Whittall seeks Fourth of July opening for Longboat St. Regis


Editor & Publisher

Watching the St. Regis rise on Longboat Key beside the Gulf of Mexico over the past two years is like a symphony growing in both intensity and scale.
It is monumental. It feels as if one is entering a place removed from ordinary life even in its unfinished form — still covered in construction dust and with 700 Moss construction workers swarming.
Unicorp President and the inimitable personage behind every aspect of the resort and condominium project, Chuck Whittall, spoke with Longboat Key News last Friday to give an update.

Summer completion…
The good news for Whittall and future owners of the 69 condos is the push is for a certificate of occupancy by June. 6 and for the entire property — including the 169 St. Regis hotel rooms — to open by July 3.
Whittall’s enthusiasm is apparent. He spent a decade battling with former Colony unit owners, the ex-Colony President Murf Klauber and his interests and the Town of Longboat Key all to arrive at this summer of fruition.
A walk into the hotel lobby goes beyond the usual superlatives of travel and real estate brochures. A grand piano will play jazz, hand painted murals and elegance straight out of Gatsby is apparent as tile saws power through marble.
The focus on view and light and marriage of materials whisk you away into another world. The cost to be whisked starts at about $1,100 per night and $25,000 for the Presidential Suite.
When asked how the market has responded to the hotel, Whittall was happy to point out that November is almost completely sold out and nine weddings are booked for the ballroom in the Fall.
“St. Regis said it is the nicest luxury resort in their brand,” Whittall said.

Public access…
The past two years brought a strong market response for the condos, with a penthouse selling for $25 million. The lowest price paid for a unit was $2.2 million.
The residences and the resort are connected through amenities and a series of pools, fountains, an aquatic tank, lazy river and of course restaurants and bars.
C.W Prime steakhouse is one of the restaurants on the property with a balcony looking out on the Gulf of Mexico.
Whittall explained that owners of condominiums have full access to everything — the spa, fitness center, all the pools and restaurants and beach area. Hotel guest will also have access to all the amenities.
Of interest to Longboaters and anyone wanting to visit the St. Regis, all of the restaurants are open to the public and beach walkers can stroll up and hang out at the Monkey Bar and eat at the beachside grill. The beachside grill is to be named “Aura” and Whittall describes it as “Latin-inspired with a Miami retro feel.”
The Tiki or “Monkey Bar” will be homage to Murf Klauber, the legendary owner of the former Colony Beach & Tennis Resort that operated on the site for more than four decades before collapsing under the burden of lawsuits and deferred maintenance.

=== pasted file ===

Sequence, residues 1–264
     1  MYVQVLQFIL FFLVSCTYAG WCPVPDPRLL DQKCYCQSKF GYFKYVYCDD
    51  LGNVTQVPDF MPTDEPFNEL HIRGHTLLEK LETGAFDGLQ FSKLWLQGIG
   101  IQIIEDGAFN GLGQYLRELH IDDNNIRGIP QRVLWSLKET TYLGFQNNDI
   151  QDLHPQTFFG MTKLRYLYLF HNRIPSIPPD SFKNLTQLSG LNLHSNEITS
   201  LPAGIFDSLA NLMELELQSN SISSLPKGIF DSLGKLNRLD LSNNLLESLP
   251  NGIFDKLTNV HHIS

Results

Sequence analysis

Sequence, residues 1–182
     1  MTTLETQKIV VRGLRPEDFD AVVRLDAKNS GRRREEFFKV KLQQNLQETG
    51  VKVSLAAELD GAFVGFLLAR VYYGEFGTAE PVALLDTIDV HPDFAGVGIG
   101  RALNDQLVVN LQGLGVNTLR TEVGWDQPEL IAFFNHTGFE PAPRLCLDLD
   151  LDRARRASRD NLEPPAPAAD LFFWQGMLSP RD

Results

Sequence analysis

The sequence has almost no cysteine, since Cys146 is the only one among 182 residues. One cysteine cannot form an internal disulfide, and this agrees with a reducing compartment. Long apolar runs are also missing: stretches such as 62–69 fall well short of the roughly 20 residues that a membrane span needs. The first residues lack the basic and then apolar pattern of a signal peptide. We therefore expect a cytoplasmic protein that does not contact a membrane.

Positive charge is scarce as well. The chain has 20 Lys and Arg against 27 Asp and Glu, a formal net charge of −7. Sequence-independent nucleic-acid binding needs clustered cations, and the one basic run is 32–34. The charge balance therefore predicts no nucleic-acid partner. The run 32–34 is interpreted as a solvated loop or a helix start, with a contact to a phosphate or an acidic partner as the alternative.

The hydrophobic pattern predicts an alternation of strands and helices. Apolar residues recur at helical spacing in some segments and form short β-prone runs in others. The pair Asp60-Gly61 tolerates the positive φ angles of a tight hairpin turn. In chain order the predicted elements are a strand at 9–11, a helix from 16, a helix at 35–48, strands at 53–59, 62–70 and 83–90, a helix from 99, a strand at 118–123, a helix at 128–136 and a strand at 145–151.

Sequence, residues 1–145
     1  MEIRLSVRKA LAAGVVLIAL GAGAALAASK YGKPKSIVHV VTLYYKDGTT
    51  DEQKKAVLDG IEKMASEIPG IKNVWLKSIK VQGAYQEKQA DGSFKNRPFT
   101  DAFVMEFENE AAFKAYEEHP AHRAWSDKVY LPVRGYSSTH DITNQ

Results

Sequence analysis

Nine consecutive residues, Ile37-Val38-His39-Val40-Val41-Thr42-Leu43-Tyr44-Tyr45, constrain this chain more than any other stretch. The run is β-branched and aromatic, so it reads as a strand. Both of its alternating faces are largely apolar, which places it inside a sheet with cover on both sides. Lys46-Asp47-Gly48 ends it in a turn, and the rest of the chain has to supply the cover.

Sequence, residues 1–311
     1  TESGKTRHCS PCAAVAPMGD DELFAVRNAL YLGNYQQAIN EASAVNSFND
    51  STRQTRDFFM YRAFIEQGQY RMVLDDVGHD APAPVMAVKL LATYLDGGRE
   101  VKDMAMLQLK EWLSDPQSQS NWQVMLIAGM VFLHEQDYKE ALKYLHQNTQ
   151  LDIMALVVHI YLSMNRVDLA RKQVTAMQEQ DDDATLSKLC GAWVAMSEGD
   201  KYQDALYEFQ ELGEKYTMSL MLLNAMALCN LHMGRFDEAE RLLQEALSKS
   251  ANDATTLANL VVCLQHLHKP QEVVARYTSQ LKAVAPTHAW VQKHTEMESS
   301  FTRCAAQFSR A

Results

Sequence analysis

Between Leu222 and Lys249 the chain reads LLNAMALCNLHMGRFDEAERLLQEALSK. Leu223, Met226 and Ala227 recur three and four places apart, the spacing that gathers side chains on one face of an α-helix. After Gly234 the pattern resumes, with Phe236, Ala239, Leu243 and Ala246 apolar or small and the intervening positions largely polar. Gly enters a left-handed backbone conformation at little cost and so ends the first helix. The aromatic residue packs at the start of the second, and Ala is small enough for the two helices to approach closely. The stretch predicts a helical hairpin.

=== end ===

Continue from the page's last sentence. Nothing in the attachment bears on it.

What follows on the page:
Membership program
The St. Regis beach will be for the condo owners and hotel guest and owners of one of 400 memberships.
Whittall said 400 St. Regis memberships will be available for about $125,000 and will allow full access to all including the spas, the tennis court and pickleball courts, bars, taverns and speakeasy, and the beach area.
A major part of the operation and appeal is the ballroom of almost 12,000 square feet. Whittall waves across the hall to the far wall where a $500,000 LED screen can be implemented into events and conferences.
“The whole look of the ballroom and all of its colors can change through the LED lighting system,” Whittall says.
Like an endless brochure of amenities, the spa has a steam room, a snow room, a cold plunge pool, and every other feature one could find. But this spa also has waterfront views and a fireplace.
Walking outside the hotel, the space between it and the residences are filled with paths along a lazy river, a grotto that the lazy river flows through.
“I saw that in Mexico and thought we had to do it here,” says Whittall of the grotto.
Around a bend is the resorts $10 million saltwater lagoon that is divable and has sting rays, coral and two, 600-pound gopher tortoises named Will and Astor. A marine biologist is on staff to supervise the care.
“We will be able to rehabilitate marine life here as well’” Says Whittall.

Legacy continues…
Whittall plans to remain a presence at the hotel, which Unicorp owns. And similarly to his predecessor, Murf Klauber, he will maintain a residence on the property.
His plan in many ways would make Klauber proud. He wants to create memories, be part of the island and the community as time goes on, and strive to create memories and experiences for generations to come.




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